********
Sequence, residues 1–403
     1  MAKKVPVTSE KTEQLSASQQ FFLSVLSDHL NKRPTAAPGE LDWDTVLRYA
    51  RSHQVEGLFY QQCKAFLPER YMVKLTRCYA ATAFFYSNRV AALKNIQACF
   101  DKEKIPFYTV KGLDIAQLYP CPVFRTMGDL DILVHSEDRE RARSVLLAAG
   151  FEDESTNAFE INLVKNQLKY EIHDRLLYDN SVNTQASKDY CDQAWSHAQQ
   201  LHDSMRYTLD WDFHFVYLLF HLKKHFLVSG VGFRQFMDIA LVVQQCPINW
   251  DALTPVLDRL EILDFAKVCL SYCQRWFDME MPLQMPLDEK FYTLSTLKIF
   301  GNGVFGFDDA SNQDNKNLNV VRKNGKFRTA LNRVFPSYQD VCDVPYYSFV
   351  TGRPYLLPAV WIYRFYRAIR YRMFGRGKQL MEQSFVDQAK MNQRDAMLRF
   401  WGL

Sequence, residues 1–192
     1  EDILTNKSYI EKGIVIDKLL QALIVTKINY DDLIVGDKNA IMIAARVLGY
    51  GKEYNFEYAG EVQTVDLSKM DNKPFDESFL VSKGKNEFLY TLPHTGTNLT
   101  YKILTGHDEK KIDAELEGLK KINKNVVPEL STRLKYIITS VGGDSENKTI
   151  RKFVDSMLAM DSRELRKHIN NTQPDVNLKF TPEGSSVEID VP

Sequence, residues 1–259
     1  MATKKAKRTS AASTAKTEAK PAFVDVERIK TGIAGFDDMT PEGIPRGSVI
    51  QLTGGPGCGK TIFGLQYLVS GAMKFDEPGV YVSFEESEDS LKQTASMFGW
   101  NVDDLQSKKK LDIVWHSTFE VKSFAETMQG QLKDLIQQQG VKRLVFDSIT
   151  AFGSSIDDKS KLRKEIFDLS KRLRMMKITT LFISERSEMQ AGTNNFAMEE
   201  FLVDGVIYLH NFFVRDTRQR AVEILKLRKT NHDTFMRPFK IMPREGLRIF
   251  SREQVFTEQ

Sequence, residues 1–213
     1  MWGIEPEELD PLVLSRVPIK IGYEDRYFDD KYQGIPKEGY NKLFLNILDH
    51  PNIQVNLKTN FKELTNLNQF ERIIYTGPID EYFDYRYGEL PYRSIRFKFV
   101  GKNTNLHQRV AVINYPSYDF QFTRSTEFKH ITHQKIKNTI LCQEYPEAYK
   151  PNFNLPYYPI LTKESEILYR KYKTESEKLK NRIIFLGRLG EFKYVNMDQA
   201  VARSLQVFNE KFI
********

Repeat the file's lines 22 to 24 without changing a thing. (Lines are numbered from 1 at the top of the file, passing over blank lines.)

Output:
   251  SREQVFTEQ

Sequence, residues 1–213
     1  MWGIEPEELD PLVLSRVPIK IGYEDRYFDD KYQGIPKEGY NKLFLNILDH